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Abbey artist beauty brilliant British Browning called century Charles charm church close club collection color Corner death distinguished Doctor Duke early effects Elizabeth Barrett Browning England English entered entire famous fashion feel force French friends Gallery George given ground held holds honor hour House human hundred Hyde Park ideal important impressive influence Institution interest Italy John King Lady land later lectures letters light lines literature lived London Lord meet memory ment Museum nature never noble offer organization painted Palace Pall Mall Paris passed picture poet portrait present Professor Queen represented residence rich Royal says scene social society spiritual Square stands statue Street things thought tion universe vision visitor Westminster women wonderful
Page 170 - For I dipt into the future, far as human eye could see, Saw the vision of the world, and all the wonder that would be; Saw the heavens fill with commerce, argosies of magic sails, Pilots of the purple twilight, dropping down with costly bales; Heard the heavens fill with shouting, and there rained a ghastly dew From the nations...
Page 97 - Divinely through all hindrance finds the man Behind it, and so paints him that his face, The shape and colour of a mind and life, Lives for his children, ever at its best And fullest...
Page 277 - Who could resist the charm of that spiritual apparition, gliding in the dim afternoon light through the aisles of St. Mary's, rising into the pulpit, and then, in the most entrancing of voices, breaking the silence with words and thoughts which were a religious music, — subtle, sweet, mournful?
Page 276 - I confess I am not charmed with the ideal of life held out by those who think that the normal state of human beings is that of struggling to get on; that the trampling, crushing, elbowing, and treading on each other's heels, which form the existing type of social life, are the most desirable lot of human kind, or anything but the disagreeable symptoms of one of the phases of industrial progress.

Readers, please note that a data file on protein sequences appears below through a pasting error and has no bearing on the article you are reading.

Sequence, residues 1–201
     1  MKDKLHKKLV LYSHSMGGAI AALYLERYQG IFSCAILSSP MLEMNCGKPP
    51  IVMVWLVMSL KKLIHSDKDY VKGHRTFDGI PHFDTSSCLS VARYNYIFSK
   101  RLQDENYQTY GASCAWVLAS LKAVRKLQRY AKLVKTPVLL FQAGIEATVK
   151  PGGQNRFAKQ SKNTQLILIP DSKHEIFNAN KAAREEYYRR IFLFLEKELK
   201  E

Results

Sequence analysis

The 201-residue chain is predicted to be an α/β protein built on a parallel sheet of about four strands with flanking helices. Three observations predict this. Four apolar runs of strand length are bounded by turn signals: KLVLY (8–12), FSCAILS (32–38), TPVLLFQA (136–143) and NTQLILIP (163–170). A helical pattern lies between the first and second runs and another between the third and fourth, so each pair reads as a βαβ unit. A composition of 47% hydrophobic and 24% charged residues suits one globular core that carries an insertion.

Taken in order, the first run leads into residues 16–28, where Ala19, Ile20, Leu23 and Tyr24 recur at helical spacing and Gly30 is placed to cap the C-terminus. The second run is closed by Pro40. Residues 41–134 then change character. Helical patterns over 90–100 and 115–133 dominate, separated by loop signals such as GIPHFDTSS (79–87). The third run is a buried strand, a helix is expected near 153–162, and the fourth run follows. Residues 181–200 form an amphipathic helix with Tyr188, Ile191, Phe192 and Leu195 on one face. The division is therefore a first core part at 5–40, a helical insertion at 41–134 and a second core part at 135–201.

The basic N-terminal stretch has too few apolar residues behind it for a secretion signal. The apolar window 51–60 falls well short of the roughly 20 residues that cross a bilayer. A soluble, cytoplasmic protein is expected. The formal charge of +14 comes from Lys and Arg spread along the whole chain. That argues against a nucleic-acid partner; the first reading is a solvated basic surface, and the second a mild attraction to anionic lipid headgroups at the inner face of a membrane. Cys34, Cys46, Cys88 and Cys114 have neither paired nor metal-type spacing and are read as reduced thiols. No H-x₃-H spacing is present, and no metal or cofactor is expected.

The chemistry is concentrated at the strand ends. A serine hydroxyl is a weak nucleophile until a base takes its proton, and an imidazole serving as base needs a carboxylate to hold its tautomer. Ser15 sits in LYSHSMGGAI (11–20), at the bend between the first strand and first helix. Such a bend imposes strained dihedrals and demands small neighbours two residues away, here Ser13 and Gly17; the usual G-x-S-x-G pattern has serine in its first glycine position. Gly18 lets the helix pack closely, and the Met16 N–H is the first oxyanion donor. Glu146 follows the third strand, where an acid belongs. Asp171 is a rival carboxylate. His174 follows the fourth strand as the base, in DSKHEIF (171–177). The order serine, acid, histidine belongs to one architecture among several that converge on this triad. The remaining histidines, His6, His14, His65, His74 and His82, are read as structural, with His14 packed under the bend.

Page 18 - In merry old England it once was a rule, The King had his Poet, and also his Fool : But now we're so frugal, I'd have you to know it, That Cibber can serve both for Fool and for Poet.
Page 90 - Ye mists and exhalations, that now rise From hill or steaming lake, dusky or gray, Till the sun paint your fleecy skirts with gold, In honour to the world's great Author rise...
Page 275 - THE night has a thousand eyes, And the day but one; Yet the light of the bright world dies With the dying sun. The mind has a thousand eyes, And the heart but one; Yet the light of a whole life dies When love is done.
Page 84 - This picture I, Alessandro, painted at the end of the year 1500, in the (troubles) of Italy in the half-time after the time during the fulfilment of the eleventh of St.
Page 84 - By purity of life, habitual elevation of thought, and natural sweetness of disposition, he was enabled to express the sacred affections upon the human countenance as no one ever did before or since. In order to effect clearer distinction between heavenly beings and those of this world, he represents the former as clothed in draperies of the purest colour, crowned with glories of burnished gold, and entirely shadowless.